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Interdisciplinarity from Within
As a graduate student in the history of art at Yale in the late 1970s, I scorned the heavy suitcase full of assumptions that, in my mind, the word connoisseurship carried: Old. Male. Elitist. Eurocentric. Tedious. Yet ten years later, I found myself setting up five slide projects in a row as I carefully examined the Morellian details of drawings made by nineteenth century Kiowa and Cheyenne warriors with names such as Chief Killer, Little Shield, and Making Medicine. I found that determining the identity of and attributing names to formerly anonymous Plains Indian artists was a legitimate and satisfying task—even for a feminist art historian whose training bridged anthropology and the social history of art. With experience, I discovered that connoisseurship is merely a tool; like any other tool, it depends on the skill of the hand that wields it.
The distinguished historian Carlo Ginsburg offers my favorite insight into the meaning of connoisseurship. He characterizes it as “interdisciplinarity from within,” remarking that it has “a cognitive richness which is unsuspected by its detractors as well as by some of its practitioners.”1 Ginsburg points out, for example, that to conduct research on just one material object— a German still life painting of flowers—requires inquiry into botany, archival sources, paleography, and watermarks—as well as art history. True connoisseurship means understanding the full range of information an object can tell us.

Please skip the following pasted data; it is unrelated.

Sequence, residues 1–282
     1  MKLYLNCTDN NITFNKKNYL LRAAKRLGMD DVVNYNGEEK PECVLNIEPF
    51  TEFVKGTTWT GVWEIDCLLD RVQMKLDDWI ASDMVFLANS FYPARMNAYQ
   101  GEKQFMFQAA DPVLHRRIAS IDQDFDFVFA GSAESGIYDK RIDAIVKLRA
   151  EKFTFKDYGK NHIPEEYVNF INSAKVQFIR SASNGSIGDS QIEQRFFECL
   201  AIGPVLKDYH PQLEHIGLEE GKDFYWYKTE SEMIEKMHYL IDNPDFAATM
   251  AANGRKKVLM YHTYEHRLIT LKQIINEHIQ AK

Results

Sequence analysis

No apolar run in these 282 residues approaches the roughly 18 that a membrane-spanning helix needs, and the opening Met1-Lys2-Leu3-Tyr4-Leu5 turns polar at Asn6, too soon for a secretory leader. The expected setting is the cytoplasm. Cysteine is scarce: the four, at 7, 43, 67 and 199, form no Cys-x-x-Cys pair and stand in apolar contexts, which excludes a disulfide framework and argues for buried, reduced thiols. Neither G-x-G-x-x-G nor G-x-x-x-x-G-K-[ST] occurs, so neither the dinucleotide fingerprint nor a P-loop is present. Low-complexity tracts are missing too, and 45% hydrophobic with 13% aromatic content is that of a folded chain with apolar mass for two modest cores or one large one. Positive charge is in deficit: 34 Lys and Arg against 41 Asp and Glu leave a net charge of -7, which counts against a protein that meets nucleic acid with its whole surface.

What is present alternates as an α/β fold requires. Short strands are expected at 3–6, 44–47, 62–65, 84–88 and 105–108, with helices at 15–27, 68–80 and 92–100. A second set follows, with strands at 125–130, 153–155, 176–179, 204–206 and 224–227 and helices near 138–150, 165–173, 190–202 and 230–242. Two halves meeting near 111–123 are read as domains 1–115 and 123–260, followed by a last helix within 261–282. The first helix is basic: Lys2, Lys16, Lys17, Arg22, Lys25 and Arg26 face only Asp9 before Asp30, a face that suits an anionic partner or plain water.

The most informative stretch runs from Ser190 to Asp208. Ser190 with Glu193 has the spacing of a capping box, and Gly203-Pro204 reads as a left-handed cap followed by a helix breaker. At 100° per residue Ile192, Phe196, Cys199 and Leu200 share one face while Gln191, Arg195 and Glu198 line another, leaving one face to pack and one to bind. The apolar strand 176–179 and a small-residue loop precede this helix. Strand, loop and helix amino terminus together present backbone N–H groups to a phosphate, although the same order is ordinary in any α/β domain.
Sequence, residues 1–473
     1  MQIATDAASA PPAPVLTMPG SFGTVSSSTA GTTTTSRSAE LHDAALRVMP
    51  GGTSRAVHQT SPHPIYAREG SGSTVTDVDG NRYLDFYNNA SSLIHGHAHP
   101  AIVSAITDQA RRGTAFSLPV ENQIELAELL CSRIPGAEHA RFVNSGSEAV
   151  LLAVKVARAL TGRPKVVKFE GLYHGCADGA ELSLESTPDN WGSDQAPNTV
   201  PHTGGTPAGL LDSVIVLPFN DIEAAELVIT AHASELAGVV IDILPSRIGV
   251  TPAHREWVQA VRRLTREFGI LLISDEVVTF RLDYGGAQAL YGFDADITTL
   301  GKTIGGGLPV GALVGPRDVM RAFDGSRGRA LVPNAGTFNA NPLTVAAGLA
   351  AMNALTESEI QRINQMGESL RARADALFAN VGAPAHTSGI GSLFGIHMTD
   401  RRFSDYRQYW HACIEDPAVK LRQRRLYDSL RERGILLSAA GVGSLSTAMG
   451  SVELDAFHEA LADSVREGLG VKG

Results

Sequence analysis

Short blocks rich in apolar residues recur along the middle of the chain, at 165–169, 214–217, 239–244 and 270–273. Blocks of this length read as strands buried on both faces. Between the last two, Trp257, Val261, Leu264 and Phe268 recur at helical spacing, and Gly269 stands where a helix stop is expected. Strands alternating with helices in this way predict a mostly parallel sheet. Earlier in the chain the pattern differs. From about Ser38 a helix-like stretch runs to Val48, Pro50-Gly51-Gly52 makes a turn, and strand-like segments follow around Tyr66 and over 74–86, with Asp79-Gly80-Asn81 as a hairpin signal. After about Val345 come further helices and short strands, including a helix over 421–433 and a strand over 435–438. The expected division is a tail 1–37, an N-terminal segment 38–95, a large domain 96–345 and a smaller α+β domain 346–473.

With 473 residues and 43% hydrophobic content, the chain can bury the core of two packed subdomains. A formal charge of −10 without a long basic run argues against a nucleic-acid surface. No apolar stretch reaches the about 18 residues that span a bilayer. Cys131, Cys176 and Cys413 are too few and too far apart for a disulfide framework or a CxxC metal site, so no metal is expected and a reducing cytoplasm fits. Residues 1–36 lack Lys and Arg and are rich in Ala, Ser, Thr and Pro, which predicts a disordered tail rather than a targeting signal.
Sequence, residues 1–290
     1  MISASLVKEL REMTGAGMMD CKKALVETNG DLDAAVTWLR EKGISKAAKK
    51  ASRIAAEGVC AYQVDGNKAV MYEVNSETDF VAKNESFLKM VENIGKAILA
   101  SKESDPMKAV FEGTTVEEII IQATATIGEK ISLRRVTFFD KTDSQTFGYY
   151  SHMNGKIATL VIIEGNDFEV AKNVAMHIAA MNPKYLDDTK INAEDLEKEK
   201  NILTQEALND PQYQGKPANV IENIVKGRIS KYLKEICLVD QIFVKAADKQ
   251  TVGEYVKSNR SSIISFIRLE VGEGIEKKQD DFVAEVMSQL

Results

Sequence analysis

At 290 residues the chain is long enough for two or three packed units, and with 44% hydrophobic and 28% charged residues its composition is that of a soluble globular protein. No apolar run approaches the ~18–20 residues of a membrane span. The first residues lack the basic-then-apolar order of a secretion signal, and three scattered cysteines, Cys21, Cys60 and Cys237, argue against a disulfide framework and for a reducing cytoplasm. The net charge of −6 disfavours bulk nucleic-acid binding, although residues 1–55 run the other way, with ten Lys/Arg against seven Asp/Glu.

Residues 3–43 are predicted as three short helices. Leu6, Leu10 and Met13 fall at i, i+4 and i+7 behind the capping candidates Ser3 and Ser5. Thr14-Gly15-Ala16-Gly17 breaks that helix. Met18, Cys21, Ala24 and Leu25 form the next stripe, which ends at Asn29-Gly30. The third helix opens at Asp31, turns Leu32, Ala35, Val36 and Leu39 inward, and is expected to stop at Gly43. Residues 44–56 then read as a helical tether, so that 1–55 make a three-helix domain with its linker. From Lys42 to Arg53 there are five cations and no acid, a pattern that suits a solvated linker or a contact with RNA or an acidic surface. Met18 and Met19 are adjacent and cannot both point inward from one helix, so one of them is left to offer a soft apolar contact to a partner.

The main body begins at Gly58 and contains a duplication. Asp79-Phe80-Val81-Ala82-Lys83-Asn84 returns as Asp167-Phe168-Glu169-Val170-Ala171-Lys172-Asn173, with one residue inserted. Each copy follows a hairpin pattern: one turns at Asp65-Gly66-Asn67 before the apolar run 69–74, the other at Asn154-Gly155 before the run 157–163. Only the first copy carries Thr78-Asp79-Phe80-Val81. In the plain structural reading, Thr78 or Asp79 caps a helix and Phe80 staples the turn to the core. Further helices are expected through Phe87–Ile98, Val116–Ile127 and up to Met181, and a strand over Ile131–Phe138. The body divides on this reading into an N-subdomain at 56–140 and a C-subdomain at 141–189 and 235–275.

Nearly four decades’ worth of cultural studies, post-colonial analysis, and feminist critique has taught us that we must use all art historical, historical, anthropological and archival data critically. We must understand them as constructions that are contingent, growing out of particular historical circumstances in which blinders of race, religion, ethnicity, gender, and class, among other things, set limits on what queries scholars thought to make, and what answers they listened to. But connoisseurship can ask—as well as answer—numerous questions that are still highly pertinent for a 21st century history of art.
- Carlo Ginsburg, “Vetoes and Compatibilities,” Art Bulletin, LXXVII (4), 1995, p. 536. ↵